Won’t you join me?
Words by : Desmond “Neo” Childs
You look like you’ve had a rough week. Do you need a vacation or something, because you look a little out of it. Wow, you need to use some of your vacation hours–about a month’s worth.
The three couples featured in this film all need a break. Not from each other but the life that’s dealing them a rough break. The premise of the movie puts these people somewhere in the Philippines (Boracay Islands) where they began the process of ‘healing’.
One couple (the middle-aged one) take a trip together to get away from their steady, mundane jobs. However, after a while it’s revealed that the man is suffering from a disease. He’s contemplating suicide, and sees death as a way to make amends–for something.
Our second couple comes together through circumstance. A tall, lanky loser meets an idol singer who is traveling around incognito. They spend the film bonding, developing their relationship and having a blast.
The third and last couple also happen to meet by happenstance. A young businessman whose job may be in jeopardy and a young woman who has ‘run away’ from her family and responsibilities.
The men and woman in this picture our seeking a release. They are all stressed out in one way or another, and the film seems to serve as a vehicle for its characters to wind down and relax. Which is fine. I enjoyed watching them be silly, go sight-seeing and dine at expensive restaurants. There were three different writers and all of them added some depth to the couples. Dealing with the loss of a parent you didn’t get to know? Come to the Boracay Islands! Tired of the idol singer lifestyle? Head on over to Boracay Islands! Running away from responsibility?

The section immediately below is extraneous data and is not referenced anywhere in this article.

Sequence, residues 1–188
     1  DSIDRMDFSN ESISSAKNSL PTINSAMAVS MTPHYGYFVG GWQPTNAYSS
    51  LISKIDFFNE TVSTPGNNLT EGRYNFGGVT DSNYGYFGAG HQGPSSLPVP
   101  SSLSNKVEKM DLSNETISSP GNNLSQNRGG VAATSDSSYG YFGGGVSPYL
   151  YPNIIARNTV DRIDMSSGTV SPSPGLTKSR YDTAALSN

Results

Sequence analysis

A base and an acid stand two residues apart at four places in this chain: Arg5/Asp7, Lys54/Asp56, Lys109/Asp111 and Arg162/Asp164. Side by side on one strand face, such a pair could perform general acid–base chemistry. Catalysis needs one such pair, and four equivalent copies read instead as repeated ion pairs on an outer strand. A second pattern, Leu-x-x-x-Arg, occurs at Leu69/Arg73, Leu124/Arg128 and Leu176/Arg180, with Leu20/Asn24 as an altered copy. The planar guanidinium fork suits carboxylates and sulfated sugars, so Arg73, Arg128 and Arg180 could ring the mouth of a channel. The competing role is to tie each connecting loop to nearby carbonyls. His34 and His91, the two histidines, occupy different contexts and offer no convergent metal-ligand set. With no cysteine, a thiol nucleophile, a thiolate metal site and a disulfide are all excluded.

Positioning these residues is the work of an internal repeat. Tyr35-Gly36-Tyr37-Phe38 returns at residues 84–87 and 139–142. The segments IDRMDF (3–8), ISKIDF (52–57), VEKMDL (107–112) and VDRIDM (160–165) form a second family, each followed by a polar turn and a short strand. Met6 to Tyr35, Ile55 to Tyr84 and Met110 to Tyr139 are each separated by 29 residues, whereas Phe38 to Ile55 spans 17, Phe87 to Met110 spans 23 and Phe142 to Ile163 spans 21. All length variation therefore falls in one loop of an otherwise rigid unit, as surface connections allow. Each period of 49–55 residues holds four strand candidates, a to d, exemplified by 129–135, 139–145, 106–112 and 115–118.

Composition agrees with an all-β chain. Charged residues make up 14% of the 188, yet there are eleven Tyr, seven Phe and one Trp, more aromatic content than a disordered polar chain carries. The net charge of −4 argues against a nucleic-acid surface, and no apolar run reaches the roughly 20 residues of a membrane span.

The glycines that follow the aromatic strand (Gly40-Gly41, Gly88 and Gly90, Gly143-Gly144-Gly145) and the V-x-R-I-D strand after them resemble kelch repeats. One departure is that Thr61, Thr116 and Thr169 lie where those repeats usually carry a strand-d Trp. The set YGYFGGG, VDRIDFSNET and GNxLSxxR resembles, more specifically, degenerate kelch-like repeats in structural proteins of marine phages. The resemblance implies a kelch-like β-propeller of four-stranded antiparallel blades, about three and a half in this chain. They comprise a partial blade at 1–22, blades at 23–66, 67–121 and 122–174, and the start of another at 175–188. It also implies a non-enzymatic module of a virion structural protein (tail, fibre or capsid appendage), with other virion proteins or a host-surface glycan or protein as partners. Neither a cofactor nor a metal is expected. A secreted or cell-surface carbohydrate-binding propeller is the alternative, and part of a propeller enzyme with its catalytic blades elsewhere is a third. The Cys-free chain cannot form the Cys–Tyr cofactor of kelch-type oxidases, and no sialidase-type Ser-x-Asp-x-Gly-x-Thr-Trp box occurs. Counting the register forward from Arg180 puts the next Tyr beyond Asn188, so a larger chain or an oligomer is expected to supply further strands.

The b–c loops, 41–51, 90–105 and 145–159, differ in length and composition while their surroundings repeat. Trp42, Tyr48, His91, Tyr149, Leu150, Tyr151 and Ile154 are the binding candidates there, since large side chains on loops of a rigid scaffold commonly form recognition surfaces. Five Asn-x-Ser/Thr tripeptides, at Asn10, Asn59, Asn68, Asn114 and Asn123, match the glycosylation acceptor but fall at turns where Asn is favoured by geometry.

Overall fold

You get the idea.
Anyway, the sub-plots aren’t heavy-handed and lightly touch on the humanity of a few individuals in the group. Nothing too deep, but just for us to understand the actions of said people. While I don’t really have anything negative to mention here I’ll admit that the film is predictable. But I didn’t have a problem and I was entertained by the gentle, romantic comedy director Kang Cheol-Woo delivered here. As of now, this movie is my second favorite behind Love in a Puff–both films truly feel like movies you’d like to enjoy with that special someone.
Aside from this picture, Kang Cheol-Woo directed Real Fiction (2000). He’s done some work as a screenwriter and I don’t think it’s a coincidence that he also did some writing for Romantic Island in addition to directing it. With that being said, the location doesn’t call for a lot of extra toward sprucing up the picture. The Boracay Islands are gorgeous. It truly does look like the vacation ads I’ll receive every now and then in the mail. The actors probably had a blast being able to not only film on location, but then go out and party.
With only one movie left to go in the marathon–I’m looking forward to seeing the last film (Rainbow Eyes). As always you can watch Romantic Island yourself by clicking on the link below. Check out the trailer too.